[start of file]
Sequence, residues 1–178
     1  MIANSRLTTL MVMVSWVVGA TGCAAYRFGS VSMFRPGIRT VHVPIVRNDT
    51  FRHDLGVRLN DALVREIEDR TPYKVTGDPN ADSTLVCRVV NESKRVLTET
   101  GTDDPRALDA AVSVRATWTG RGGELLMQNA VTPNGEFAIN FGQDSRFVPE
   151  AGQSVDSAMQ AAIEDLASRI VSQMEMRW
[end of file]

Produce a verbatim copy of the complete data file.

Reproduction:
Sequence, residues 1–178
     1  MIANSRLTTL MVMVSWVVGA TGCAAYRFGS VSMFRPGIRT VHVPIVRNDT
    51  FRHDLGVRLN DALVREIEDR TPYKVTGDPN ADSTLVCRVV NESKRVLTET
   101  GTDDPRALDA AVSVRATWTG RGGELLMQNA VTPNGEFAIN FGQDSRFVPE
   151  AGQSVDSAMQ AAIEDLASRI VSQMEMRW